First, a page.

As the first article in this series explained, the Domain Name System (DNS) is one of several processes triggered each time you access a website. While a necessary component, the DNS poses some troublesome security risks. This article will explain how Hyper Text Transport Protocol – Secure (better known as HTTPS) helps protect the privacy of the DNS protocol. 

The DNS Over HTTPS

This standard, also known as the “DoH” was introduced quite recently, in 2018. It aims to protect the privacy of the DNS protocol by adding an extra layer of encryption, which is the HTTPS (Hyper Text Transport Protocol – Secure). However, two components are needed for the DoH to work; those components are:

  • An application that is DoH enabled, which in this case is the Web browser.
  • A server which can support this extra layer of encryption.

When the end user submits their request to the DNS to access a particular website, the data packets involved are encased, or further encapsulated in the data packets that are also being transmitted by the HTTPS. This is then sent over to the server (also known as the DoH Resolver) which supports the DoH standard and sends the request back to the end user in through an encrypted line of network communications. 

This approach provides a double layer of protection, so that if any of these data packets were to be intercepted by a malicious third party, they would be rendered into a garbled and useless state.  Furthermore, a Cyberattacker monitoring these communications would not be able to easily discern what is DNS traffic versus HTTPS traffic. 

Also, since many of the network topologies make use of the Public Key Infrastructure (also known as the PKI, or Asymmetric Cryptography), the only way that data packets can be translated back into a decipherable format are with the Private Key. Thus, in these situations, the chances of this happening are greatly diminished.

As an added benefit, the data packets that are transmitted back and forth between the device of the end user and the DoH resolver contain a minimal amount of information/data, in a further effort to protect the identity of the end user. Also, to mask the entire request made by the end user, only partial domain names and IP Addresses are transmitted back and forth.

Which Web browsers support the DoH?

At the present time, the two Web browsers that have implemented, or are testing, the DoH are:

  • Mozilla Firefox: Mozilla was the first entity to adopt the DoH standard, and this was done in a full partnership with Cloudflare. When an end user transmits a request over the Firefox browser, they are then transmitted over DoH Resolvers hosted by Cloudflare, rather than sending them to the traditional DNS servers that also support DoH functionality. This is technically done by overriding the default network settings of the device of the end user. But, because Cloudflare is deemed to be a third party, there have been some privacy issues regarding the actual storage of the PII of the end user. In response to this, Cloudflare says that it will delete any PII within 24 hours of a request being made. Cloudflare has also announced that they will not share the PII with any other entity, unless specifically authorized to do so.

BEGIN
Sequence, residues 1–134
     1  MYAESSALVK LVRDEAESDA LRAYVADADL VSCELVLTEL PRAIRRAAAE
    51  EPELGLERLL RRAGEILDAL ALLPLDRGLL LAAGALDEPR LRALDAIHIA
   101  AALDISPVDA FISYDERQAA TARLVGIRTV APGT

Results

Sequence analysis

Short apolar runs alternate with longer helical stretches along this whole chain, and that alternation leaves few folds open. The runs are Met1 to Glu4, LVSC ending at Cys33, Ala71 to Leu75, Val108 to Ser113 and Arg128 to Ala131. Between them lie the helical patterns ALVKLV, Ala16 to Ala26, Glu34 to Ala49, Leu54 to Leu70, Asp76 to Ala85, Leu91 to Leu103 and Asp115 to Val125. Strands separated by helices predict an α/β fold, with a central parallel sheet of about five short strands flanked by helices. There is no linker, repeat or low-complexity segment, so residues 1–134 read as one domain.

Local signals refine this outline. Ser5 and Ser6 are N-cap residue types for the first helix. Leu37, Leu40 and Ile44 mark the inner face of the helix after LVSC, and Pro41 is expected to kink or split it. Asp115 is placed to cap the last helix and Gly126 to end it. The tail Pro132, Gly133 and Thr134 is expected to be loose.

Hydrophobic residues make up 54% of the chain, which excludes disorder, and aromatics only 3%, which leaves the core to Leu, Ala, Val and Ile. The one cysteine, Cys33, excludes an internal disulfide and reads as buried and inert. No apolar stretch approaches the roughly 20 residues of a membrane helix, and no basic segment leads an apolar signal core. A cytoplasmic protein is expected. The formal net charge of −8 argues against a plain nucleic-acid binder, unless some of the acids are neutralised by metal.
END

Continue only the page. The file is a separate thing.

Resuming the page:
• Google Chrome: Google started testing the DoH standard with 1% of Chrome end users in late 2021 and introduced this functionality in Chrome version 79, which came out on December 11, 2019. But the approach Google is taking in this instance is that it will not override the network settings of the end user’s device and will send the requests to a third party for further processing. The DNS servers that support DoH will be used instead.

Conclusions

Overall, this article has examined what the DoH is all about and how it can be used to address the shortcomings of the DNS. However, because other third parties may be involved in the processing of requests that are transmitted, the question becomes of one of privacy (as illustrated by the Mozilla/Cloudflare partnership) versus security. 

Businesses in Corporate America have always used the DNS to blacklist forbidden domain names, as well as using DNS-based firewalls to block domains that have been known to transmit Phishing attacks and malware. By using the DoH, it becomes much more difficult to enforce these processes.

Remember, using the old method of DNS processing offers no security whatsoever, because all the requests are transmitted in a plaintext fashion. DoH offers an important extra layer of protection, by further encrypting those requests.

Sources:

https://portswigger.net/daily-swig/a-guide-to-dns-over-https-how-a-new-web-protocol-aims-to-protect-your-privacy-online

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Ravi is a Cybersecurity Consultant and Business Development Specialist. He also does Cybersecurity Consulting through his private practice, RaviDas.Tech, Inc. He is also studying for his CompTIA Security+ Certification.

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